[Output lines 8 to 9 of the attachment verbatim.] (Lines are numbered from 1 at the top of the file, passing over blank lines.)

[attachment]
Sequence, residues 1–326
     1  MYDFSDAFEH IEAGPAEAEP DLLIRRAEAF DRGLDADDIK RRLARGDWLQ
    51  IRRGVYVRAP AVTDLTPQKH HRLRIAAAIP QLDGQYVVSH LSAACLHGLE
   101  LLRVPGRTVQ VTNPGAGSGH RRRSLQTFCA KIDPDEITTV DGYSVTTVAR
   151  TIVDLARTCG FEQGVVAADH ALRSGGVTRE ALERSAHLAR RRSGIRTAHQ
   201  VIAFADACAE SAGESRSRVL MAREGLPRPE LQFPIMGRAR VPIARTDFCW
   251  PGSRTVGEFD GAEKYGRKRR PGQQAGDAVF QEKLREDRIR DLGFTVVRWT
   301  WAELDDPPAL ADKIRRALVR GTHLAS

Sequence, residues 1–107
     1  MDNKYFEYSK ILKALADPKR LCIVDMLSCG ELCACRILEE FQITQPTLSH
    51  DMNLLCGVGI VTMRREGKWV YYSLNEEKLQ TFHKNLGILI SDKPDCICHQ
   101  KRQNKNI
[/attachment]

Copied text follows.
   301  WAELDDPPAL ADKIRRALVR GTHLAS

Sequence, residues 1–107